This past week in Kumasi has been all about politics. The New Patriotic Party (NPP), the main opposition to Ghana’s current National Democratic Congress (NDC)-led government, held their primary elections on Saturday where Nana Akufo-Addo was reinstated as the party’s leader and presidential candidate for the 2012 elections. Akufo-Addo, the most politically-established candidate at 66-years-old, celebrated a huge win, claiming 78 percent of the delegate’s votes. His opponents were Alan Kyeremateng, former Minister of Trade and Industry; Kwabena Frimpong-Boateng, the CEO of the Korle Bu Teaching Hospital in Accra and the director of Ghana’s National Cardiothoracic Center; Isaac Osei, a Member of Parliament for Subin (Ashanti Region), Ghana High Commissioner of the United Kingdom, and CEO of the Ghana Cocoa Board; and Rev. John Kwame Koduah, a reverend and lawyer. These five men have basically dominated all aspects of the Ghanaian media- their names and pictures were plastered on the front page of almost every newspaper, they were talked about compulsively on most radio and television newscasts, their faces were plastered on billboards and posters, and their campaign vehicles blasted their platforms from loud speakers all over town. Although I recognize the significant role politics plays in society, I would never consider myself a politics enthusiast. I find most politicians showy, insincere and decorated, whose campaigns are built on empty rhetoric that rarely ends up benefiting the common person or reaching the grassroots. However, since we started working with Mufty on his daily show “Straight Talk” that deals primarily with political topics, there was no escaping the NPP hoopla. We spent three two-hour programs debating which candidate would make the best party leader and potentially the next president. Our guests included campaign representatives, political journalists and social commentators who focused more on the candidates’ brawn than brain, arguing their favorable physical and personality traits instead of their plans to improve the country, or who would best represent Ghanaian people.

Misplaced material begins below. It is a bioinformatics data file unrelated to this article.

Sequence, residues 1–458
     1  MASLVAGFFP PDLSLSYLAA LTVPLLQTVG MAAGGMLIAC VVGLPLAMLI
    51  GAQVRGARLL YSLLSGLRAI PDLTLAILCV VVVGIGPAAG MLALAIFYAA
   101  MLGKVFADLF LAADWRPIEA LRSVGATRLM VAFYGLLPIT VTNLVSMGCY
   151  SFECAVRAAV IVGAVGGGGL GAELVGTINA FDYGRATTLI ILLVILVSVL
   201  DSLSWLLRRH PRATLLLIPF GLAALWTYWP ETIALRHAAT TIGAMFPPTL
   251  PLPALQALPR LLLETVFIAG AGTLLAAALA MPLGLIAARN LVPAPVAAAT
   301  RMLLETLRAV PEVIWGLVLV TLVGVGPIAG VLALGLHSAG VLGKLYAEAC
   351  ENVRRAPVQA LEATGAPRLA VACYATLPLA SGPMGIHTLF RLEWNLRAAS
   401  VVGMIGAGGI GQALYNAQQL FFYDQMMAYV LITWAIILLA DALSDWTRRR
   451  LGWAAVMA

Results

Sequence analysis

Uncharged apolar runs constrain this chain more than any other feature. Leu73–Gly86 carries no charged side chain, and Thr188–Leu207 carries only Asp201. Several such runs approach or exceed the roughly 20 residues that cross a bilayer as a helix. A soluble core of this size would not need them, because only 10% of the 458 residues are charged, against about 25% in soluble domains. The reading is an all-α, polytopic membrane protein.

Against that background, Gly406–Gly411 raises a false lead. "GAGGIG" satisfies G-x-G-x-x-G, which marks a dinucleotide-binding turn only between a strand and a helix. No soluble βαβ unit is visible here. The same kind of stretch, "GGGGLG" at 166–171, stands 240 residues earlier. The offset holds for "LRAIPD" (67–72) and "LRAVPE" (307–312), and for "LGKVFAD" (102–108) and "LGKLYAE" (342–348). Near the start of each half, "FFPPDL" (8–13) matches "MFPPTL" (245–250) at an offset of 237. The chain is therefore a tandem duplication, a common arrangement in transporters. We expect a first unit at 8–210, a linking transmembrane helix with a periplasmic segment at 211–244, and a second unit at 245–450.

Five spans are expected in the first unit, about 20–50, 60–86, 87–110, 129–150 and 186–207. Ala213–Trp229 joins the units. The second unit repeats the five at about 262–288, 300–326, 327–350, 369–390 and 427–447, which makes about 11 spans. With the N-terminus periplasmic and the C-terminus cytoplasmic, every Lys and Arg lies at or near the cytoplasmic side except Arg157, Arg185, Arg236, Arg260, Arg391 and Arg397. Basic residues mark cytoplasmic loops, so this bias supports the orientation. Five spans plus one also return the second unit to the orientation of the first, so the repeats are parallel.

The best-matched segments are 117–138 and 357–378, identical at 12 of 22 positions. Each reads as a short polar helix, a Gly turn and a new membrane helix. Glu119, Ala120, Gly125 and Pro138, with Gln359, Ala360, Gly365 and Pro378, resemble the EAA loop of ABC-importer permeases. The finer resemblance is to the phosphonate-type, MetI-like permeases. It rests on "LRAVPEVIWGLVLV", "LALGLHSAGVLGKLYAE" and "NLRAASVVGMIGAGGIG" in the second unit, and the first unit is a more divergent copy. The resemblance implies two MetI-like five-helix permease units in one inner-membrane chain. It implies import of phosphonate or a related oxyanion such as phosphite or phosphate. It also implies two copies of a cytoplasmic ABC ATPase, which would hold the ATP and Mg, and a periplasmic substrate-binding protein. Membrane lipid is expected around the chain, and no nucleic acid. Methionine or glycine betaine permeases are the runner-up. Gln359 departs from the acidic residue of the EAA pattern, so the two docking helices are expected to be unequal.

The excessive media coverage of the NPP primaries overshadowed other pressing local issues that occurred this past week and need more public attention. For example, last Wednesday, the Anti-Trafficking Unit and Tema Regional Command rescued 284 children between the ages of 3-15 who were being taken to work illegally in Yenji’s fishing industry. On the same day, The Ghana Union of Physically Disabled Workers (GUPDW) appealed to government, complaining that the majority of physically challenged workers haven’t received their Disability Allowance. Both stories deal with major human rights violations, but because of the politically-dominant stories occupying most major Ghanaian media houses, such crucial social issues are often cast aside as second-rate-news or page-fillers. Since human rights stories are not typically considered “hard news,” public awareness and concern are often not generated where they are needed most and for the people who could benefit greatly from media exposure. Dr. Charlotte Abeka, former United Nations (UN) chairperson, and serial guest on “Know Your Rights” expresses her discontent with the current state of Ghana’s media, describing it as having an “overemphasis on politics” that prevents human-focused stories from reaching the forefront. She blames media houses and other powerful institutions that have the ability to influence society on a larger scale and increase the coverage of human rights stories, but insists the average person is just as guilty for not demanding it themselves. In her opinion human rights issues “need to be preached loud and clear”- this should be the media’s priority at all times.